Cell Culture and Differentiation
Human THP-1 monocytic cells were obtained from ATCC® and cultured in T175 flasks with phenol red Roswell Park Memorial Institute (RPMI) 1640 medium (Lonza, Switzerland) supplemented with 2 mM glutamine, 100 U/mL benzylpenicillin, 100 μg/mL streptomycin, and 10% fetal bovine serum (FBS, Lofer, Austria). Cells were maintained at 37°C with 5% CO2 in a humidified atmosphere. The cultured THP-1 monocytes did not exceed 0.8 × 106 per mL to assure viability higher than 95%. When needed, THP-1 cells were seeded at a density of 0.2 × 106 per mL in 6-, 96-, or 24-well-plates for different experiments with 200 nM PMA for 72 h to allow differentiation into macrophages.
Resazurin Conversion Assay
Resazurin conversion assay was performed as previously described (Wang et al., 2016). THP-1 macrophages were treated with the respective compounds (uvaol, erythrodiol, maslinic acid, oleanolic acid, betulinic acid, oleuropein, oleocanthal, 3-hydroxytyrosol, chlorogenic acid) at concentrations of 5, 10, and 20 μM for 24 h. After the incubation period, macrophages were washed with PBS and incubated with resazurin for another 4 h. Fluorescence (Ex/Em = 535/580 nm) of the generated resorufin was quantified as a measure of cell viability.
Western Blot Analysis
THP-1 cells were seeded at a density of 0.2 × 106 per mL in 6 well-plates with 200 nM PMA for 72 h to allow differentiation into macrophages. For screening of nine olive oil components for putative effects on ABCA1 protein expression, differentiated THP-1 macrophages were treated with the respective compounds (Figure 1) at 10 μM for 24 h. A PPARγ agonist, pioglitazone (10 μM), was used as positive control to augment ABCA1 expression. For testing, if erythrodiol is increasing ABCA1 protein level in a concentration-dependent manner, THP-1 macrophages were incubated with erythrodiol at different concentrations (1, 2.5, 5, 10, and 15 μM) for 24 h. For testing the effect of erythrodiol on ABCG1 and SR-B1 protein level, THP-1 macrophages were incubated with solvent vehicle control (DMSO), erythrodiol (10 μM), and pioglitazone (10 μM) for 24 h. To test the effect of erythrodiol on the ABCA1 protein degradation rate, differentiated THP-1 macrophages were treated with 10 μM erythrodiol or solvent vehicle control (DMSO). After 24 h incubation, cells were treated with 140 μM cycloheximide and lysed at the indicated time points (0, 20, 40, and 60 min). In general, cells were lysed using NP40 lysis buffer containing 150 mM NaCl, 50 mM HEPES (pH 7.4), 1% NP40, 1% protease inhibitor Complete™ (Roche), 1% phenylmethylsulfonyl fluoride (PMSF), 0.5% Na3VO4, and 0.5% NaF for 30 min at 4°C on ice. Macrophages were scraped from the plates and centrifuged at 16,060 × g for 30 min at 4°C. Protein concentration in cell lysates was determined using the Bradford assay. Western blot analysis was performed as previously described (Wang et al., 2015) using primary antibodies against ABCA1, ABCG1, and SR-B1 (all obtained from Novus Biologicals; Vienna, Austria). The anti-actin antibody as acquired from MP biologicals (Illkirch, France). HRP-linked anti-rabbit IgG secondary antibody was purchased from New England Biolabs (UK), and horseradish peroxidase conjugated goat anti-mouse secondary antibody from Upstate (Millipore, Vienna, Austria).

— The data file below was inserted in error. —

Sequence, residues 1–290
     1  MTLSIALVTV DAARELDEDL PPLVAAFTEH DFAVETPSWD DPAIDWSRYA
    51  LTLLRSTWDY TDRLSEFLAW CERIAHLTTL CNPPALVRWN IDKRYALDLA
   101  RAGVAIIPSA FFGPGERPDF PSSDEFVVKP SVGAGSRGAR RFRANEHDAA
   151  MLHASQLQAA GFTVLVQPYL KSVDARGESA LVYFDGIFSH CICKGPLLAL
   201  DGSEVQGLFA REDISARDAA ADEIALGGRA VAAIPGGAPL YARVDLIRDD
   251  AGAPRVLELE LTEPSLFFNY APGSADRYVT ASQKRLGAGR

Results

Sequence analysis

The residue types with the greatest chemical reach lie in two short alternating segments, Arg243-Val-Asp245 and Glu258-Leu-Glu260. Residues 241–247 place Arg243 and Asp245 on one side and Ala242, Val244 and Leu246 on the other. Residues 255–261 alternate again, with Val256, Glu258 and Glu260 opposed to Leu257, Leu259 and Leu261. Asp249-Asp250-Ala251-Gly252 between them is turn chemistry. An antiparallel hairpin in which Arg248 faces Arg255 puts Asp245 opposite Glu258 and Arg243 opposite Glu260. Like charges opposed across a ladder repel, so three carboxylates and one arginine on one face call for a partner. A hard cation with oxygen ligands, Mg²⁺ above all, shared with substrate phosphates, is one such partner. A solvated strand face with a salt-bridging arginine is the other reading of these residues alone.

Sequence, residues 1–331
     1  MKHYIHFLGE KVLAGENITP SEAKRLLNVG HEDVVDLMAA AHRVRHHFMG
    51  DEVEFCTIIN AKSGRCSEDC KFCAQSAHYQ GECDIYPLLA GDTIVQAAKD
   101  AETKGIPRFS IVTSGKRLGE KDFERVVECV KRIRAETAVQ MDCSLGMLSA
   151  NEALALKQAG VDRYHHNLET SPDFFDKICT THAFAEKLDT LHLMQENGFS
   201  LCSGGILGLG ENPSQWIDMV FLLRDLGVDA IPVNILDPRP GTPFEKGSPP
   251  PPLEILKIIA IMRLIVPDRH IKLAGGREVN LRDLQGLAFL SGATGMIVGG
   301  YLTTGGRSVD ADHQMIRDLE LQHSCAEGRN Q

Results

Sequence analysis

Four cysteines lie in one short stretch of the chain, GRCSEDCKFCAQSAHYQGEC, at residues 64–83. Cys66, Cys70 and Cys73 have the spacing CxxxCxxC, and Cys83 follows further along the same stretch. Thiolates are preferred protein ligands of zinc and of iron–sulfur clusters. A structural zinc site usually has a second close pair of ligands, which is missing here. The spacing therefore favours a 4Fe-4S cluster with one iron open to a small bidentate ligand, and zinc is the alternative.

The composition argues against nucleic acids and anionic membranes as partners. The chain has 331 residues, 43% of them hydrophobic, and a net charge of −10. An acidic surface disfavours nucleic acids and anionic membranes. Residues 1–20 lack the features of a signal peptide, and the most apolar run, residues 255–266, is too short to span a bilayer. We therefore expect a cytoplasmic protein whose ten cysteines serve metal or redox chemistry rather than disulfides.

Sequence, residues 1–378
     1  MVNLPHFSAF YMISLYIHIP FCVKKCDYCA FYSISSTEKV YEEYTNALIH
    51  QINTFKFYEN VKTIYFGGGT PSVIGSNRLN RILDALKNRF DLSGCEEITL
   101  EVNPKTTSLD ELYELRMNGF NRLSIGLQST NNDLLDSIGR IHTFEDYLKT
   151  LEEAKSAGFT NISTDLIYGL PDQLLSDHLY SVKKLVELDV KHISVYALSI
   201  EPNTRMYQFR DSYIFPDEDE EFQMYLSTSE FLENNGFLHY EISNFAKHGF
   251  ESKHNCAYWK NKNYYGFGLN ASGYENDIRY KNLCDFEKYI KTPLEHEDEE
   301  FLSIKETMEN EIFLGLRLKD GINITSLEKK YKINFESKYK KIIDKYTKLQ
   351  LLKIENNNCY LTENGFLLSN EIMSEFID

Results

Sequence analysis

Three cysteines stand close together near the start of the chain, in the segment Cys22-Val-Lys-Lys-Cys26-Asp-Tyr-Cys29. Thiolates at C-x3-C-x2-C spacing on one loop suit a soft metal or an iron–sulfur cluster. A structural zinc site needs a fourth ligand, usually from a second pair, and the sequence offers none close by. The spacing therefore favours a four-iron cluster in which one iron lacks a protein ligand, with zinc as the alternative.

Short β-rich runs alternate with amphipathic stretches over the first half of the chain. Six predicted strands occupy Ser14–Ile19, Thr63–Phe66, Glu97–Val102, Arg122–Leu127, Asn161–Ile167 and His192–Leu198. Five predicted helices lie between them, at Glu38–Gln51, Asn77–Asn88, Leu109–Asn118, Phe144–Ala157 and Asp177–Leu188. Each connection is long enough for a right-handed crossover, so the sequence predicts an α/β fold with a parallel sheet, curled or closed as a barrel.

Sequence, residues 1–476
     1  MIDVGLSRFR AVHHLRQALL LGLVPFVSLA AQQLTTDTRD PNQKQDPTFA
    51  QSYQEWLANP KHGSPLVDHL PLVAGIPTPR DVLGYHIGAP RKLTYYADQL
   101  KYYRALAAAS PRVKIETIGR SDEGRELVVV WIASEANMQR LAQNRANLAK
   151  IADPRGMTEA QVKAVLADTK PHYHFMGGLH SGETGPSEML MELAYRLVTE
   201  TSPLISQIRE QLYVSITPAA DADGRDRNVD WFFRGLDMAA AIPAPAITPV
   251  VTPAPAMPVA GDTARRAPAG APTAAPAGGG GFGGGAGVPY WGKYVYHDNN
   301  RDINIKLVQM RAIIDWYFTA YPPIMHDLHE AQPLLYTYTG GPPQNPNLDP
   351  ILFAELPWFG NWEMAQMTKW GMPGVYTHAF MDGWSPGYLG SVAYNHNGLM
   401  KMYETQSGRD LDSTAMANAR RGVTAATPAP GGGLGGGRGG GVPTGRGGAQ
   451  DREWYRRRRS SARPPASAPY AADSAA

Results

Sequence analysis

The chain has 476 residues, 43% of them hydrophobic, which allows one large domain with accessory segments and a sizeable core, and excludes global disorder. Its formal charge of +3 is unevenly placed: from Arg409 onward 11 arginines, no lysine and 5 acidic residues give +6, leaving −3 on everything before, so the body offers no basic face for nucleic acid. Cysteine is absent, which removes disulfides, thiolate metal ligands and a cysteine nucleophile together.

All steps were performed in a designated PCR-clean area. RNA was extracted from the treated THP-1 macrophages using the peqGOLD total RNA kit (PeqLab, Austria) as specified by the manufacturer. cDNA was synthesized with 1 μg of total RNA reverse-transcribed using oligo (dT) and MultiScribe Reverse Transcriptase. For quantitative PCR, cDNA was added to a 15 μl reaction using LightCycler 480 SYBR Green I Master kit (Roche, Germany). Relative gene expression was calculated as the ratio of the detected expression of each gene normalized to that of 18S. The used primers (QuantiTect Primer Assay; Qiagen, Germany) are Hs_ABCA1_1_SG (QT00064869), Hs_ABCG1_1_SG (QT00021035), Hs_SCARB1_1_SG (QT00033488), and Hs_RRN18S_SG (QT00199367).